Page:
Cabaret Voltaire Conform To Deform '82 / '90. Archive;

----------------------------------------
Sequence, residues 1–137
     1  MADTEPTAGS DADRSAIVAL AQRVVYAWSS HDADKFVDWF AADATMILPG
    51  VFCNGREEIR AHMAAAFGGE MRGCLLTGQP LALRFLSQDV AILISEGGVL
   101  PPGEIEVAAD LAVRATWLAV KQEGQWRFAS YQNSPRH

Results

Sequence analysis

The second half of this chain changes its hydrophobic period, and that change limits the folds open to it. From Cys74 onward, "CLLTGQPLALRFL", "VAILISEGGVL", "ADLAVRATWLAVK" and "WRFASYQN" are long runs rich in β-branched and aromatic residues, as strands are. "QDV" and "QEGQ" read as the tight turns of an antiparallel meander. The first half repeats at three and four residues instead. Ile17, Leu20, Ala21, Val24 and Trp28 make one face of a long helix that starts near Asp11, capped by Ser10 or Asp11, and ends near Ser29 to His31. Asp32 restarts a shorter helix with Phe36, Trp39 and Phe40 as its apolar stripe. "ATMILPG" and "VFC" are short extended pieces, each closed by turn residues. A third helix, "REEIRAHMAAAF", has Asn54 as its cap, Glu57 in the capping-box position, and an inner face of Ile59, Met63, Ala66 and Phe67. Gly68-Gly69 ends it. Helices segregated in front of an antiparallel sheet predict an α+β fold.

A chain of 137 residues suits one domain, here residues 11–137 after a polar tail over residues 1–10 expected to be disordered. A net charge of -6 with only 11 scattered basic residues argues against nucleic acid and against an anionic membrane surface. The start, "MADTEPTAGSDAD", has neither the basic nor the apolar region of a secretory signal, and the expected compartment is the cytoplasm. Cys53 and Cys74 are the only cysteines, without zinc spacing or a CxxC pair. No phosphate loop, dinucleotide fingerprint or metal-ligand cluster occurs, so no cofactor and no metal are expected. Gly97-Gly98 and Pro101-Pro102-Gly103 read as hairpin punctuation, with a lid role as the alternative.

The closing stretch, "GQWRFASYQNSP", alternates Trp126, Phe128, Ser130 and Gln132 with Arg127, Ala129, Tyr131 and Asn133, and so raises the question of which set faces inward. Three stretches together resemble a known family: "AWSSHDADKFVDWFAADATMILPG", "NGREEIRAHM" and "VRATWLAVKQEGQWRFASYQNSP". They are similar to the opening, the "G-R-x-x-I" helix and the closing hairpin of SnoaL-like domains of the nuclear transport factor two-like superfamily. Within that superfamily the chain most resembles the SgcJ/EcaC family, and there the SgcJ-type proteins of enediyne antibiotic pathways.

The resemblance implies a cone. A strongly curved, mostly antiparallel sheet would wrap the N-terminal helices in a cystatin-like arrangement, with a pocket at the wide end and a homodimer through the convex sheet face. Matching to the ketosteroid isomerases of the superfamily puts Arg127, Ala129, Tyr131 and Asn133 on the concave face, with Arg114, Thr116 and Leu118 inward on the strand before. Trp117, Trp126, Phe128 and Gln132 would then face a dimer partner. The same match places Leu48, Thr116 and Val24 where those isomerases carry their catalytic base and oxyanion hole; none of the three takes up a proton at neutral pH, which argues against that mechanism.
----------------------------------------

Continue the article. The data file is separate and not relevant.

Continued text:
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Designed as a companion piece to the 12" compilation The Original Sound of Sheffield, the three-disc Conform to Deform is the flip side, literally speaking in places. The first two discs, labeled Conform and Deform, trace a spiral path through Cabaret Voltaire's major-label period, compiling B-sides, alternate mixes, unreleased 12" singles, video outtakes, and more. Deform is probably a good word to use in conjunction with most of this material, as much of it is essentially other work poked and prodded, pulled into a new shape, and given a new name. The most extreme realization of the urge to deform comes two tracks into the second disc with "C.O.M.A.," which originally appeared on the flip side of the "I Want You" 12" single and consists of all of the album The Covenant, the Sword and the Arm of the Lord placed through an audio blender -- well, it sounded nifty at the time. The third disc, Liveform, features the band live in Edinburgh in June of 1990, well after Cabaret Voltaire's catch-up transformation into a house act, on the tour for Groovy, Laidback and Nasty. The material on this third disc is, expectedly, mostly from this album, with a few nods to the past: There's a version of "Sensoria" dressed up as a house track, and a few old lyrics are slyly dropped into the middle of "Ride Baby Ride." The audience is polite to this new material, but if you listen between the songs you can also hear someone screaming for "Yashar" -- surely not a ringing endorsement. Ultimately, the Liveform disc is interesting, but it's hard to believe that someone shelling out money for a box set of Cabs obscurities would be clamoring for a live document from this particular period. The set comes with a booklet complete with a 1983 essay by Andy Gill, written just as the band was embarking on its major-label journey. The booklet is also filled out with words of praise from a new generation of artists who were influenced by the Cabs' collision of funk and electronics, but that praise will seem obvious to anyone dedicated enough to seek out this set of rarities. Those who really want to know why Cabaret Voltaire appealed to the hearts, minds, and feet of a whole generation of listeners and artists (many of whom went on to be the genesis of the techno movement) will be much happier with The Original Sound of Sheffield.